If you invested $2,000 in Lemonade in 2020, this is how much you’d have today

Lemonade (LMND -3.71%) drew a stampede of bulls when it went public on July 2, 2020. The online insurer initially impressed investors with the disruptive potential of its AI-based chatbot app, which simplified the byzantine process of purchasing insurance plans for younger buyers, and the explosive its growth rates.

It listed its stock at $29, which opened at $50.06 on the first day and eventually jumped to an all-time high of $183.26 on January 11, 2021. But today, Lemonade shares are trading at around $12. Like many other hot tech stocks, Lemonade lost its luster as rising interest rates shot up its ballooning valuations and forced investors to focus on cooling growth and mounting losses.

A modest $2,000 investment in Lemonade’s IPO would grow to $12,639 at its peak before shrinking back to around $830. Let’s see why Lemonade’s stock took a turn for the worse, and whether it will rebound as another bull market begins.

Two friends are drinking lemonade in the back of a van.

Image source: Getty Images.

A small underdog with slowing growth

When Lemonade went public, it only provided insurance to homeowners and renters. But since its public debut, it has expanded into the life insurance, pet and auto insurance markets. Lemonade enabled its customers to easily sign up for their insurance plans and process their claims through a single chatbot-powered app. At the time of the IPO, about 70% of its customers were under the age of 35 – so its approach was clearly winning over younger and first-time insurance buyers.

Lemonade ended 2022 with 1.8 million customers, compared to 1 million customers at the end of 2020. That growth rate sounds impressive, but Lemonade is still small compared to traditional insurers like Allstate (EVERYTHING 0.48%)which serves about 16 million customers, and State Farm, which has more than 85 million policies in force.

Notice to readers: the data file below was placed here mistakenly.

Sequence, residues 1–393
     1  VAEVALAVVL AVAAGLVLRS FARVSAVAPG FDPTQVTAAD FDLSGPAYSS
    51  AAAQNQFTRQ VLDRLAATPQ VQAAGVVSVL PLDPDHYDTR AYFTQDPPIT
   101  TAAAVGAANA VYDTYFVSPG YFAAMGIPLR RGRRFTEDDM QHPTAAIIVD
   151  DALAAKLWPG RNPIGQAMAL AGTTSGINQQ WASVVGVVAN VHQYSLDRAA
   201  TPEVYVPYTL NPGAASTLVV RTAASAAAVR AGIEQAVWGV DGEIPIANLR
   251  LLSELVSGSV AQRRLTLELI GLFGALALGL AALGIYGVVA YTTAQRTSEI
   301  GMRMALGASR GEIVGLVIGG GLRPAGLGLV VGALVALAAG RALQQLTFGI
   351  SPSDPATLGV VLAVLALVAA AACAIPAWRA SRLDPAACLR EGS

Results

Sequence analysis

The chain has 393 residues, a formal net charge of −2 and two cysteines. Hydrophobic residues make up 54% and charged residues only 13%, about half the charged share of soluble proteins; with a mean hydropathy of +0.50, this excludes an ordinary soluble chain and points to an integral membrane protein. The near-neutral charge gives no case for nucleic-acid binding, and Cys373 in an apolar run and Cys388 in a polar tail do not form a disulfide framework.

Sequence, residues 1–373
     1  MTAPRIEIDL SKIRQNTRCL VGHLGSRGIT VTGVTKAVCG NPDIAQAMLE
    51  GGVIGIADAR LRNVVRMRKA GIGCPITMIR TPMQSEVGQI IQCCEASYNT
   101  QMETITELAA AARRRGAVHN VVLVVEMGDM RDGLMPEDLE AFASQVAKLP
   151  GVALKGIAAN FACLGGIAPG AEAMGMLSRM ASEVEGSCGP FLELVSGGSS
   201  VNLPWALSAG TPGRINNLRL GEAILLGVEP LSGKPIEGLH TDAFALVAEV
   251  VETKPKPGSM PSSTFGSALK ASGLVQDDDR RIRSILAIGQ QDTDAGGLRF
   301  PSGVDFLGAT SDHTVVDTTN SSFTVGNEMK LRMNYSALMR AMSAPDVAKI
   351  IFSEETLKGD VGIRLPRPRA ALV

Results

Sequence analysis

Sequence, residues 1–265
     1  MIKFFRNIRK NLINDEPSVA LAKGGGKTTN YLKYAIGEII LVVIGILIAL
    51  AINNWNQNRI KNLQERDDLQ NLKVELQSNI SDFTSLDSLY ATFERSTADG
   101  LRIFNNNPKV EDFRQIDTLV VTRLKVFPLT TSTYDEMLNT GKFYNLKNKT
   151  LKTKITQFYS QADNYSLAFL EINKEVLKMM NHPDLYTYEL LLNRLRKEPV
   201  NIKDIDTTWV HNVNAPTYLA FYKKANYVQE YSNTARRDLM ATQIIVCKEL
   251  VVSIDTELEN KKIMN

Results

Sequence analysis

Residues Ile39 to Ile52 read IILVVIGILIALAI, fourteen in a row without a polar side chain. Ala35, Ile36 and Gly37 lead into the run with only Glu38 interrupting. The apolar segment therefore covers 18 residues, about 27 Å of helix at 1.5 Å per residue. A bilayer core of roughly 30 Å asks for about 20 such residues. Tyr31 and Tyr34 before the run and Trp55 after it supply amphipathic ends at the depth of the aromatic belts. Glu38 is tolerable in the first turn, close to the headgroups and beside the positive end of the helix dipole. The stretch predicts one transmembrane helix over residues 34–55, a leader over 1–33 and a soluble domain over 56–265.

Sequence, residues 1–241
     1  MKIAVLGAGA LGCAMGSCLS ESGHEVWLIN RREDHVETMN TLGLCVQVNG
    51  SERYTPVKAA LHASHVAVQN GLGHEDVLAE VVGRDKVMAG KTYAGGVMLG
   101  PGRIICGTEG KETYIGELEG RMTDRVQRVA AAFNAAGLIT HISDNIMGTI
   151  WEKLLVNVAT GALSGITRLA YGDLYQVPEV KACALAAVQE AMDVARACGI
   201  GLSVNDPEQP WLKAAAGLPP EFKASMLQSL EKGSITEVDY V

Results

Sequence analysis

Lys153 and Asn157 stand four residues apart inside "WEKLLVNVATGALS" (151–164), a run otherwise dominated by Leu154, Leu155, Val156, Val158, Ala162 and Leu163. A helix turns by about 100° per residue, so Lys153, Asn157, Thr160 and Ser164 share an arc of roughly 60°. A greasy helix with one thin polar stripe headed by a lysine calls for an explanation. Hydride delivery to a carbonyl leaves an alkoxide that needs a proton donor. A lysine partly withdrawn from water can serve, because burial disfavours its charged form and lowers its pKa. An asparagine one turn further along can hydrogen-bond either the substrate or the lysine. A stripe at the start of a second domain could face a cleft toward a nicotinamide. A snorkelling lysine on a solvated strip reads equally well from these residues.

For Lemonade to disrupt these insurance titans, it will need to grow its customer base at triple-digit rates every year. But in the past three years, growth in customers, premiums in force (IFP) and gross premiums earned (GEP) have cooled — even as it launched new types of policies to win more customers. Its gross margins are also down, suggesting it doesn’t have much pricing power, and its gross loss ratios are uncomfortably high.





Customer growth




IFP growth




GEP growth




Adjusted Gross Margin




Gross loss ratio




Data source: Lemonade.

That delay comes even after it acquired Metromile last July to speed up the launch of Lemonade Auto. Lemonade Auto has only launched in five states so far, but it already faces stiff competition from established leaders like Allstate.

For 2023, Lemonade expects its IFP to grow only 11%-12% as GEP grows 29%-30%. Analysts expect its revenue to grow 48% to $381 million this year, but grow just 25% in 2024 after it fully closes its acquisition of Metromile. This delay suggests that Lemonade will struggle to break out of its niche and develop into a leading insurance platform.

There is no apparent path to profitability

The insurance market is dominated by large companies because their scale naturally prevents smaller companies from establishing themselves. That’s why Lemonade’s net losses have increased every year since the IPO.

Even on a more forgiving adjusted earnings before interest, taxes, depreciation and amortization (EBITDA) basis, Lemonade’s loss widened from $98 million in 2020 to $184 million in 2021 and widened again to $225 million in 2022 .Analysts expect an even wider Adjusted EBITDA Loss of $240 million in 2023.

Lemonade believes it can eventually climb out of this hole by expanding into higher-premium markets (such as auto insurance) to increase its premiums per customer. But it still generates most of its revenue from homeowners and renters insurance — which carries lower premiums and is highly exposed to natural disasters. For example, the Texas winter storm in early 2021 caused Lemonade’s gross loss ratio to temporarily spike above 100%.

At the same time, many traditional insurance companies are launching similar AI-powered chatbot apps to counter Lemonade. Lemonade’s annualized dollar retention rate (ADR) of 86% at the end of 2022 suggests that about 14% of its customers are drawn from these market leaders and other competitors.

Lemonade turns into lemons again

Lemonade may look cheap at 2x sales this year, but many traditional insurers like Allstate are trading at less than sales this year. If Lemonade is just another insurance company — instead of the disruptive AI-powered platform it claims to be — then its stock could still be halved again when its growth cools. In short, Lemonade stock could remain in the penalty box for a long time — and another bull market likely won’t push the stock back up to its IPO price.

Leo Sun has no position in any of the stocks mentioned. The Motley Fool has positions and recommends Lemonade. The Motley Fool has a disclosure policy.

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